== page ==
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Trinity 5: Period Poverty and Inclusion

One issue that has been in the news recently is period poverty. The British Medical Foundation has urged that hospitals give in- patient’s access to products to ensure a dignified recovery for those menstruating.

A representative said that it “was difficult to provide care and for woman to retain their dignity with heavy bleeding without any form of protection.”

Danielle Rowley, Labour MP for Midlothian, has also this week become the first ever woman to talk about her period in the House of Commons chamber.

It was part of a bid to highlight the poverty of girls who can't afford sanitary products, and are left so worried they miss school.

It is estimated that 137.000 girls miss school a few days each year because they cannot afford sanitary products.

Menstruation is a natural bodily function but it is even today something that can still be a taboo and also impacts on issues of poverty and human dignity.

There is a story in the Gospel today of an unnamed woman who endured an ongoing debilitating medical condition.

She had tried the medical route but the word “endured” suggests that cannot have been pleasant, and “she had spent all that she had,” and rather than better “she rather grew worse.”

What does it mean to be sick? In Jesus' first-century world, they didn't have a “healthcare system." They had the temple, the priesthood, and Scripture.

There would have been an additional complication. Issues on menstruation at the time will have been defined by the Book of Leviticus.

There were laws of cleanliness that covered a multitude of things and a woman was unclean whilst she was on her period and anything that she touched was also seen as unclean.

This poor woman was as a consequence of her medical condition in a state of being perpetually unclean.

It was also the case that anything that she touched would become unclean as well, so in the crowds she has to be careful and presumably seek to hide in the shadows and pass by unnoticed.

Her story is placed alongside that of Jairus, the leader of the Synagogue who begs Jesus to come and help his daughter, who is twelve years old, the same amount of time that the woman has been poorly.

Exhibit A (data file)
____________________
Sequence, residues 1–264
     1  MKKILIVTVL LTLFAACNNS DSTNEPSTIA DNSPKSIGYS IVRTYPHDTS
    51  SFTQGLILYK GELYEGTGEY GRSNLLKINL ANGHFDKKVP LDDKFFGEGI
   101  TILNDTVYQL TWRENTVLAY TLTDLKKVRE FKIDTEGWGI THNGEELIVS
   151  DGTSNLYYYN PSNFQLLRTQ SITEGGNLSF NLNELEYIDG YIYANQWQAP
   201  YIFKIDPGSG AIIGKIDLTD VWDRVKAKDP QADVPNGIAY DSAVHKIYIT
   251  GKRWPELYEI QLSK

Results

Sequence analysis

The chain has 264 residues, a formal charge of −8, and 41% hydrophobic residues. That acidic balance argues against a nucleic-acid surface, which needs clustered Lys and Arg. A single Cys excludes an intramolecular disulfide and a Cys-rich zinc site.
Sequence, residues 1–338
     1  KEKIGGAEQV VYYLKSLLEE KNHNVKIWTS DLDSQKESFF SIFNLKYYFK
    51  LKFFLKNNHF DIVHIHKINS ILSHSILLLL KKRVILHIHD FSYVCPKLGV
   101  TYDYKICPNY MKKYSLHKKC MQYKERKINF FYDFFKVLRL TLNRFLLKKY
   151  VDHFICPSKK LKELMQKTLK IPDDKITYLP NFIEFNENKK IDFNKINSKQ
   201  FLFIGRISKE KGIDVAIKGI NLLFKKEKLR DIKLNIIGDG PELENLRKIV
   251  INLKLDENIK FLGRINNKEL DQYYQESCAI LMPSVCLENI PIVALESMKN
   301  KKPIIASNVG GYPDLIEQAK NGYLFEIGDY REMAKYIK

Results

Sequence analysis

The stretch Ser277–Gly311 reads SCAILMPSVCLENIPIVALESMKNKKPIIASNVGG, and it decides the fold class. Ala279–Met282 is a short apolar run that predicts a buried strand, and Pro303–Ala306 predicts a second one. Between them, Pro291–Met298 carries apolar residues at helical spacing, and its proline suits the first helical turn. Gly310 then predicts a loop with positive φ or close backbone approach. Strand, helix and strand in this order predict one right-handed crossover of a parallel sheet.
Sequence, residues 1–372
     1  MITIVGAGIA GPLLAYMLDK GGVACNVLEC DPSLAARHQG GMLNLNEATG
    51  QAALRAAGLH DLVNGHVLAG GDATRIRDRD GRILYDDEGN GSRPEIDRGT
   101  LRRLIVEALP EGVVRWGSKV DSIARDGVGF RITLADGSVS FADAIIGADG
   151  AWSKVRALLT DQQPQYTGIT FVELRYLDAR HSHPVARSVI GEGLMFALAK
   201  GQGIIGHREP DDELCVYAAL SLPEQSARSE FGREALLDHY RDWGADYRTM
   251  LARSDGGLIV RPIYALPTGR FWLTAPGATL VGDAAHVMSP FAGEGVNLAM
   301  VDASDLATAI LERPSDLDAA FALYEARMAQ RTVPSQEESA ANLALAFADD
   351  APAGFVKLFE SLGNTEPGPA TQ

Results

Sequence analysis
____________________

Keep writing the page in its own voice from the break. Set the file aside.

Jairus can be open and public about his desperation but the woman has to show stealth.

Mark gives some more background: she had “heard about Jesus,” and on the basis of this rumour she does not want to risk a direct encounter, but says “if I can touch his clothes, I will be made well.”

It is a risk as even to touch Jesus’ garments was in the eyes of her contemporaries to make his clothes and thereby him unclean.

It would have been potentially seen as a scandalous thing to do and one writer suggested “it is like knowingly spreading a contagious disease.”

Yet, she thinks that it is unlikely anyone, especially Jesus will notice and when she weaves her way to him it is a brush of his garments and not a poke.

The way it is described is that it is an action that will not be noticed and the crowd will move on.

Yet, everything has changed. She does not simply feel better; it is described in a much more profound way.

“She felt in her body that she was healed from her disease.”

The unexpected part of the event is that Jesus does notice. Despite he is now on a mission to the home of Jairus he stops and asks who has touched him.

Healing in the Gospel stories is always more than physical healing. The act of healing is often placed in the context of relationship and faith.

So when the woman falls down before Jesus she is not chastised but rather told two things.

The first is that her faith in him has made her well and she is addressed as a daughter.

She is now no longer an outsider but part of the family, someone who is included rather perpetually on the outside looking in.

Jesus tells us her to go in peace and the sense of the passage is that life can begin again.

There is now an end to pain, but also a return to a life where she can reconnect with her community and find a sense of belonging.

The Gospel stories once again show how Jesus was willing to embrace those who Leviticus might see as offensive to God.

It might be Samaritans, tax collectors, people with physical deformities and sickness. He welcomes those who were excluded by society’s taboos. A reminder that all have a dignity and no one is an outsider.

I think that it was very brave of the MP to talk about something that is natural and everyday but maybe not spoken.

The focus on period poverty in schools and hospitals is timely as it is only right that woman are treated with respect and as in so many areas of life poverty can be so life diminishing.

The reoccurring theme again in the Gospel stories is one of inclusion.

So much of this story is bound up with the dynamic between Jesus and the woman. It may be that it captures something of how we can approach faith and the church.

We may sometimes feel that it is good to be invisible and unnoticed, hovering in the background yet maybe sense that the church is a place of encounter.

It maybe that life experience has left you thinking that you are not really good enough to be here: too many mistakes and wrong choices.

The Gospel today is a reminder again that in the church no one should feel excluded and all are welcome.

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